Tuesday, September 11, 2012

On nobel spirits

While a torch or candle is alive and burning it shines on all those near it, it lights up its surroundings, offers its help and its brilliance to all and does no harm nor displeasure to anyone--but the moment it is extinguished it poisons the air with its smoke and vapor, and offends and displeases everyone near it, it is the same with such noble and famous souls. As long as they inhabit their bodies, their presence brings peace, pleasure, profit and honor. But at the hour of their decease, the isles and the mainland are habitually disturbed by mighty commotions: shuddering and darkness, thunder and hail, the earth trembles and quakes, storms and hurricanes start up over the seas, complaints and distress rise up among the people, religions change, kingdoms fall, states are overthrown.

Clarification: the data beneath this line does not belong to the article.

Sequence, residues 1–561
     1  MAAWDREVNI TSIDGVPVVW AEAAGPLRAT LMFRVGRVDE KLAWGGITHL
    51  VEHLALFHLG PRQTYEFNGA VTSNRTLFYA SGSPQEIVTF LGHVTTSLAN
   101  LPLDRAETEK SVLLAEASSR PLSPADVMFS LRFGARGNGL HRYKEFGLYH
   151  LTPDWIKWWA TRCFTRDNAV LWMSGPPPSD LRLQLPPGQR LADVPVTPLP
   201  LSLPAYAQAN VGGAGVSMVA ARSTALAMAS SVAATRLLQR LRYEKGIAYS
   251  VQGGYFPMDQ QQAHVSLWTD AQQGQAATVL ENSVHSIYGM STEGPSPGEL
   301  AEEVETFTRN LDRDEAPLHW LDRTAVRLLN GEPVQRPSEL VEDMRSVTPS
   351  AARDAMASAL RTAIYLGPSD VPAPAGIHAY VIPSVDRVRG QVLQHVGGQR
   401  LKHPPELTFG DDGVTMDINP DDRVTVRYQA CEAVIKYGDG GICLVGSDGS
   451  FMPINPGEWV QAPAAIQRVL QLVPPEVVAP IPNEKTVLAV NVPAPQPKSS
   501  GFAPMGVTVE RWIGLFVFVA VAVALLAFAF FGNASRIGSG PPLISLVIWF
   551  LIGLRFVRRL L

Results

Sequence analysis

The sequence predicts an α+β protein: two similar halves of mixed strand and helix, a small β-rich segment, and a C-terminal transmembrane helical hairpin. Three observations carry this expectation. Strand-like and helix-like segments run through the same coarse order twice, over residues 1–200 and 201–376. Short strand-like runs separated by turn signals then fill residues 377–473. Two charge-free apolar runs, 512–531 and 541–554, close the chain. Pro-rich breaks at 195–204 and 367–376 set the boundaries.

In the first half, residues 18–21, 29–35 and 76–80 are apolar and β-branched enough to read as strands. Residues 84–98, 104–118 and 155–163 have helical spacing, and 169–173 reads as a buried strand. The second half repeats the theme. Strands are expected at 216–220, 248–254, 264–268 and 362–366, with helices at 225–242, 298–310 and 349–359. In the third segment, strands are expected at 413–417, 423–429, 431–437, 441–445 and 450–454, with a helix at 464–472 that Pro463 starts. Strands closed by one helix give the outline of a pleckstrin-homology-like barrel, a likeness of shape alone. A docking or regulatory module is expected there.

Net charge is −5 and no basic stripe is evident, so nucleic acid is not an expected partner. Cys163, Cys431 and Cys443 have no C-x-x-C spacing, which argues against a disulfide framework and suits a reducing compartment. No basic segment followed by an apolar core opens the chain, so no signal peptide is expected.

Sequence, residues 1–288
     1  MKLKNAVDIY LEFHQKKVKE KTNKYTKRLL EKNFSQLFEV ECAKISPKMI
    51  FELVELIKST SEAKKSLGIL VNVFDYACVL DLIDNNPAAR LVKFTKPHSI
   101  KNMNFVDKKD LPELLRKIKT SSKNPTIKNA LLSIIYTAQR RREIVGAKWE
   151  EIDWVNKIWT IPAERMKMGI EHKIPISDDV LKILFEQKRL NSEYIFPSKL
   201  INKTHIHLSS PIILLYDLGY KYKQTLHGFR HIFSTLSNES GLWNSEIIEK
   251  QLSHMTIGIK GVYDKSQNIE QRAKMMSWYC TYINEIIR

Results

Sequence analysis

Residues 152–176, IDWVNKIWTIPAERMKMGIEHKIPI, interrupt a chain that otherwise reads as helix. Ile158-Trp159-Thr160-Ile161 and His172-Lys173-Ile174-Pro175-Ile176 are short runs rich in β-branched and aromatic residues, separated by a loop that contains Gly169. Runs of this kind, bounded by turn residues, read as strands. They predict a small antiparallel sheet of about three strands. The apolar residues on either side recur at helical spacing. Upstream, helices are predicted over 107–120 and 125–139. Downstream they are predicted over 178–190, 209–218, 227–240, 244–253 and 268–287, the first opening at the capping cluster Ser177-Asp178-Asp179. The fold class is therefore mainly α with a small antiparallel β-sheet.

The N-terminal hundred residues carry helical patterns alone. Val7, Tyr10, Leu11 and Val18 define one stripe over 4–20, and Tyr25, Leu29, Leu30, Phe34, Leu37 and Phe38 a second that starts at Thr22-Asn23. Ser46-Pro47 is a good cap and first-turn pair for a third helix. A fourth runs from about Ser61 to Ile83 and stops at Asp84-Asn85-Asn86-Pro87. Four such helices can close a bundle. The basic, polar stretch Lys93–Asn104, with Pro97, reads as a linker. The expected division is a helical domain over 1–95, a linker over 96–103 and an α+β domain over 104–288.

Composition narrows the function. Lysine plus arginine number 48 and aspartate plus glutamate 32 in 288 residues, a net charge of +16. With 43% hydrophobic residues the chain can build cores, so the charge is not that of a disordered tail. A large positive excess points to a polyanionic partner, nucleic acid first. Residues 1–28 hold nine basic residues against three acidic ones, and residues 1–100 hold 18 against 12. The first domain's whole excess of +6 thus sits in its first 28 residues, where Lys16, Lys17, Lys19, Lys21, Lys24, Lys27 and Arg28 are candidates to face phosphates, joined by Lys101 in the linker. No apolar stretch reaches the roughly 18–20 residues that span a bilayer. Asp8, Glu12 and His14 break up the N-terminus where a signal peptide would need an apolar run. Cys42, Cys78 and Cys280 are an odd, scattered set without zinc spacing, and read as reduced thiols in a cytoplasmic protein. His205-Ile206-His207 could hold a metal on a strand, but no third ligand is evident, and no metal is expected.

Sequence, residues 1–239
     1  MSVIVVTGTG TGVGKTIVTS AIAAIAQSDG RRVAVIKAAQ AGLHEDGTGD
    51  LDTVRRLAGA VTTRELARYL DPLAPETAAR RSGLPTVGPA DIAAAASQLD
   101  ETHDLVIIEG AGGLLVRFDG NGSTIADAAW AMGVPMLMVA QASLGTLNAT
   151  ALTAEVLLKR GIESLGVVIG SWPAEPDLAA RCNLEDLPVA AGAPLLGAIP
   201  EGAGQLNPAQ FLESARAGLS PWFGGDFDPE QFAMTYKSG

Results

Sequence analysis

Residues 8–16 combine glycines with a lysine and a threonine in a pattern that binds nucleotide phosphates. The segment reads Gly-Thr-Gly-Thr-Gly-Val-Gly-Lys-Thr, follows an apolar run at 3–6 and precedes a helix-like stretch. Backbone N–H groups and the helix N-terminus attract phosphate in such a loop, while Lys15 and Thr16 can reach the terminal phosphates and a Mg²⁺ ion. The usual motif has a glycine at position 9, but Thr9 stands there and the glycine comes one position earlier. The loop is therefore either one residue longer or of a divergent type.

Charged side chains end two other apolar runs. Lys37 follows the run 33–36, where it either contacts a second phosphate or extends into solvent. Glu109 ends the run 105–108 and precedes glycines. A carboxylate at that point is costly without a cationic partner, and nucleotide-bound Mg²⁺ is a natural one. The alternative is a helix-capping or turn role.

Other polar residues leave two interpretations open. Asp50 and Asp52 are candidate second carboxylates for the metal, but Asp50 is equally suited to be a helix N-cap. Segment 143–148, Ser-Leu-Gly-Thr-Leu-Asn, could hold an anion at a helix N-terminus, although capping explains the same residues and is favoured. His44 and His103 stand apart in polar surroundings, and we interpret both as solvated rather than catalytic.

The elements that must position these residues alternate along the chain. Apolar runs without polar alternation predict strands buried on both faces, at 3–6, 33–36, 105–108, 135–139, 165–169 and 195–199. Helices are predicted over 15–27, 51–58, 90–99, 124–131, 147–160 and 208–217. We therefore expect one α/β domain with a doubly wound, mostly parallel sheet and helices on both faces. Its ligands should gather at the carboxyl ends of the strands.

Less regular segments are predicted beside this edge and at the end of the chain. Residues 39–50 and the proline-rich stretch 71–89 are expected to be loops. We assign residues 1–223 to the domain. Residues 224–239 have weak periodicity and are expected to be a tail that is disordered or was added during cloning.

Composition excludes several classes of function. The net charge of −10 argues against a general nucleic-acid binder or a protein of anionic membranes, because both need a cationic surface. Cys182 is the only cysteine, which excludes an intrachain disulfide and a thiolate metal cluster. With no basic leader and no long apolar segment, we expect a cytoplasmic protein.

(Bakhtin cites Rabelais in The Dialogic Imagination)

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